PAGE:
By Noreen Keesey
“The greatest crime in the world is to not develop your potential. When you do what you do best, you are helping not only yourself, but the world.”
—Rodger Williams, Founder of Rhode Island
You are unique; it has been proven.
Don Clifton, the father of strengths psychology, posed a question during his graduate studies that would lead to years of research and the development of the CliftonStrengths™ assessment. That question was, “What would happen if we studied what is right with people versus what’s wrong with people?”
This question led to more than four decades of study on the topic of positive behaviors and success across many job roles and cultures. The result was a list of 34 clusters of behavior, or talent themes, that describe what people do that propels them to excellence in their chosen fields. (This is an important point; the research focused on how people were doing things, not what they were doing in terms of their career fields. Different people can be successful in a given career even with quite different strengths profiles.)
These talent themes are not simply things that people do, they describe innate ways that people behave and their inherent potential for developing excellence. CliftonStrengths™ is a development tool wherein a Strength is matured through the existence of a talent and personal investment in the development of that talent. As a strength, one can consistently produce an exceptional outcome in the performance of a specific task.
Gallup® research indicates that the likelihood of you having the same signature strengths—your top five talent themes—as another is one in about 278,000. The odds of having those five in the same order as another are one in 33 million. We each bring a unique perspective and set of talents to our experience on this earth.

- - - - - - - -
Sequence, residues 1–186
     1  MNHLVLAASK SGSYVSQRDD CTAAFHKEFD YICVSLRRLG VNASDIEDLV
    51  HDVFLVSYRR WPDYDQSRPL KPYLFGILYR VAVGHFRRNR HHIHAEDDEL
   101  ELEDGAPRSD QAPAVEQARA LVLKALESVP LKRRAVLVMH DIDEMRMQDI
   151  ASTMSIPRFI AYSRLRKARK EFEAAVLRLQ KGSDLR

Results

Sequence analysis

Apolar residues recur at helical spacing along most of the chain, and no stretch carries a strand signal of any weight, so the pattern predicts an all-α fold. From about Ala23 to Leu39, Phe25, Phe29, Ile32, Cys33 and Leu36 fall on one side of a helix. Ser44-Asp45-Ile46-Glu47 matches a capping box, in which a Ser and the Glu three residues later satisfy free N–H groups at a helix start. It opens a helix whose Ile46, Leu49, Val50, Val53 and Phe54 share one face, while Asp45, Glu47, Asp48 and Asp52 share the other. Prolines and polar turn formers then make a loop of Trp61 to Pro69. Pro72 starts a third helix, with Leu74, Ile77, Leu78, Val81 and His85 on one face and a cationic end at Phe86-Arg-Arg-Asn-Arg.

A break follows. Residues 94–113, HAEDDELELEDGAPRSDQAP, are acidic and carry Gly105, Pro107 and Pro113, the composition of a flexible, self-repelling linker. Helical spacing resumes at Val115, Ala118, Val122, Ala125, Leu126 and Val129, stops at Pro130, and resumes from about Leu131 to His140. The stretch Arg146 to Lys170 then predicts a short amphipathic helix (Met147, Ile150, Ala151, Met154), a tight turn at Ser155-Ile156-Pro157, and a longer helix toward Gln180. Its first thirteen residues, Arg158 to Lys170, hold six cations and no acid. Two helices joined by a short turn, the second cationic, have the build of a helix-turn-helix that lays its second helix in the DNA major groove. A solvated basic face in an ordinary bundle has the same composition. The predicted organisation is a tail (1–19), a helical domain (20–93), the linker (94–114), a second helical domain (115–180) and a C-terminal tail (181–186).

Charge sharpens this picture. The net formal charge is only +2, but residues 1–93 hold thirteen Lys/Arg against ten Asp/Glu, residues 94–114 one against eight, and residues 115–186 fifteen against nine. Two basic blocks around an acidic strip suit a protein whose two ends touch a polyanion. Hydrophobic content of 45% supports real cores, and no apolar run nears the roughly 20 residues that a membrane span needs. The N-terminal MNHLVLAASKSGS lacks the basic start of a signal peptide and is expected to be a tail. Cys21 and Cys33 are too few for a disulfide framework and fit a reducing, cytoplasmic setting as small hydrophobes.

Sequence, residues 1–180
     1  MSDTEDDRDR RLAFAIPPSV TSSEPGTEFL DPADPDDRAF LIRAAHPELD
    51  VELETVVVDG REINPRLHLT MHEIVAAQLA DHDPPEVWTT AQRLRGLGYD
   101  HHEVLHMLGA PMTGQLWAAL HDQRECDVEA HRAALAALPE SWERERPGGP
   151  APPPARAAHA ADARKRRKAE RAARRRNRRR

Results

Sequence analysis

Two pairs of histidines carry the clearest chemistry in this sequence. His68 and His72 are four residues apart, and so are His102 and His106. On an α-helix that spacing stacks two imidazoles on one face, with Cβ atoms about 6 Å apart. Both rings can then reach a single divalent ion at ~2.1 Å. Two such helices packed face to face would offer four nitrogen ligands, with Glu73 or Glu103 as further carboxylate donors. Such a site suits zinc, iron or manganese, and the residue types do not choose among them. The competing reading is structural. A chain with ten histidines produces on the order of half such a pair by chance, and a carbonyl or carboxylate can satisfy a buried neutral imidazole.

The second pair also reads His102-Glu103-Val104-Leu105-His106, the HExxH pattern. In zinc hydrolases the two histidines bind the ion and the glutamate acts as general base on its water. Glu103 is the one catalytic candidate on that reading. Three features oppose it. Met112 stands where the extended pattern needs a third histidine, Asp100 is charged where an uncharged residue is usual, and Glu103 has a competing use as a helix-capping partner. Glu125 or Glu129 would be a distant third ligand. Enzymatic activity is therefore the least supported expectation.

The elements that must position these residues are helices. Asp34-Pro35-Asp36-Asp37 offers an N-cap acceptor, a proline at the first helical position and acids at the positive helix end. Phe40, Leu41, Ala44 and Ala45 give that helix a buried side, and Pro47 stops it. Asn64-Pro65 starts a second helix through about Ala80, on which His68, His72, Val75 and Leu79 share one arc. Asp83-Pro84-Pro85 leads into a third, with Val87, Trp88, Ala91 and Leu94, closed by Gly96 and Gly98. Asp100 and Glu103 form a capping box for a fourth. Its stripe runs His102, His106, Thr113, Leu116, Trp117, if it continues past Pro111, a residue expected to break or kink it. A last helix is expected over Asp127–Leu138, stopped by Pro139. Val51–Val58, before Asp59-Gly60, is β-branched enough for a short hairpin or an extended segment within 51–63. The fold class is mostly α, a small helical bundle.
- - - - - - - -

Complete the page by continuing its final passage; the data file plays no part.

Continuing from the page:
With a list of 34 themes, it is inevitable that there will be talents at the bottom of our list. Though it is unrealistic to ignore our areas of lesser talent, it is not in our best interests to prioritize “fixing” those areas. A study conducted on reading improvement found that far greater improvements were made by those who were already good readers than by those whose reading speeds were not as strong before training. In terms of strengths, that means focusing our attention on honing our top talents is more productive than trying to develop our areas of lesser talent. We are not meant to be well rounded; we are far better off shining in our areas of unique ability.
What does this mean for us in our day to day tasks, duties, and responsibilities? First, we must recognize when we are at our best. We need to understand those things that come as naturally to us as breathing. The challenge here lies in the fact that identifying our talents can be like seeing the nose on our face. Without a mirror, we cannot get a clear view of our nose. It is too close to us. Spend some time considering what you love, when you excel, and how that excellence shows up. It can also be helpful to ask others who know us well what they see when we are at our best. Ask them to describe what they see you do well, and try not to argue with them when they point it out. Our talents are so natural to us that they can seem insignificant when they are pointed out to us.
Now, about those areas of lesser strength. Though we cannot, and should not, deny them it is important to realize that what we have is much more important than what we do not. Gallup has outlined four domains of talent. They are executing, influencing, relationship building, and strategic thinking. It is uncommon to have signature talents across all five domains; most people’s top talents are clustered in one or two domains. Focusing on presence of talent and using them may mean using strengths in the relationship building domain in order to achieve the influencing results that are desired. Are there ways to apply our strengths to doing what needs to be done? Rather than focusing on a perceived lack, determine how to accomplish what you want using your gifts. This may mean partnering with others who can provide balance to your own themes while expressing their own.
You are unique and your development and growth is a lifelong process. Identify your talents, invest in them, and apply your strengths to enjoy greater success and life satisfaction.
Noreen is a leadership coach and trainer who values time for reflection (Intellection), loves to provide helpful resources (Input), and is willing to go with the flow (Adaptability). She enjoys one-to-one interactions (Relator) and believes in continuous improvements (Maximizer). Those interested in more information about CliftonStrengths™ can contact Noreen at firstname.lastname@example.org or go to gallupstrengthscenter.com (scroll to the bottom of the page) to find a directory of certified strengths coaches.